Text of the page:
Jennifer serves CIOs and their business partners with research on business technology adoption, particularly in the public sector. Jennifer looks both at the macro-level trends facing society and business and at the micro-level challenges to achieving business objectives. She is currently focused on the role of technology in transforming government, with an emphasis on open data initiatives and citizen engagement.
Jennifer has written and spoken extensively on "smart city" initiatives as a way of managing the complexity of demographic changes and leveraging technology solutions in response to the demands of an increasingly urban population. She has also recently written on the future of work as demographic, economic, and geopolitical forces affect the workforce. Jennifer's research and analysis have appeared in media outlets such as The Wall Street Journal, Time Magazine, Computer Weekly, and CIO Magazine. Jennifer has also published in numerous academic journals and spoken widely at academic and business events.
Before joining Forrester, Jennifer spent eight years at Sun Microsystems in software product marketing, software sales enablement and development, and industry marketing and partner strategy for telecommunications and media. Prior to entering the high tech world, Jennifer focused on public policy and reform, particularly in developing and transitioning countries. As a public policy analyst and consultant in Russia and Eastern Europe, she designed post-communist housing reforms and advised governments on housing privatization, mortgage finance policies, and income-based assistance programs. As an educator in the Peace Corps in Central Africa, Jennifer taught high school math, designed national math curricula and exams, and conducted marketing workshops with local entrepreneurs.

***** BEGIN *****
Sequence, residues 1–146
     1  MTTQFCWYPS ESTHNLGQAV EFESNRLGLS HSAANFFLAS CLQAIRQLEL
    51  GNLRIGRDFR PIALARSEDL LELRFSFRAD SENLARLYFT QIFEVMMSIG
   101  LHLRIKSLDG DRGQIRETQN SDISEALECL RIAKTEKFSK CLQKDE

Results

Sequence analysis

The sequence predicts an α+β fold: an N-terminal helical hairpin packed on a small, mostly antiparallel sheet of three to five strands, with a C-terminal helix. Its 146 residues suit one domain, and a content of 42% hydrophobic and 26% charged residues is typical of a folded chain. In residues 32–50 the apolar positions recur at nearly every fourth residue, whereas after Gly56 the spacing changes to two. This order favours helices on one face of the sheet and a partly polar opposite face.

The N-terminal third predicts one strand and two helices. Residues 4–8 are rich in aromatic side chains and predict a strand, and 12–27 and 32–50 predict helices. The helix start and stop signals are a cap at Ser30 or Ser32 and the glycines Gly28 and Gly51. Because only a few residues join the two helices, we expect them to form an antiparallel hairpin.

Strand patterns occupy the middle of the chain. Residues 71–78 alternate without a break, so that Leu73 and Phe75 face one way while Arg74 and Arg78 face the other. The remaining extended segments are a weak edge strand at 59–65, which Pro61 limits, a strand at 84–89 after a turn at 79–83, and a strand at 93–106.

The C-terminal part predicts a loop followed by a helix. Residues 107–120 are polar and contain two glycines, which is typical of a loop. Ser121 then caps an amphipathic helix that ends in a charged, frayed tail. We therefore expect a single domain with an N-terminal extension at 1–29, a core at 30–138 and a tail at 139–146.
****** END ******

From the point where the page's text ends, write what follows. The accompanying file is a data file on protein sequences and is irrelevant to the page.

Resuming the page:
Jennifer earned a Ph.D. and an M.A. in political science from Stanford University and a B.A. in economics from the University of Virginia. Her doctoral research focused on the fiscal and political relationships between regional governments and the central administration, combining quantitative analysis of regional budget data with extensive fieldwork in Moscow and three Russian regions — Udmurtiya, Novgorod, and Ulyanovsk.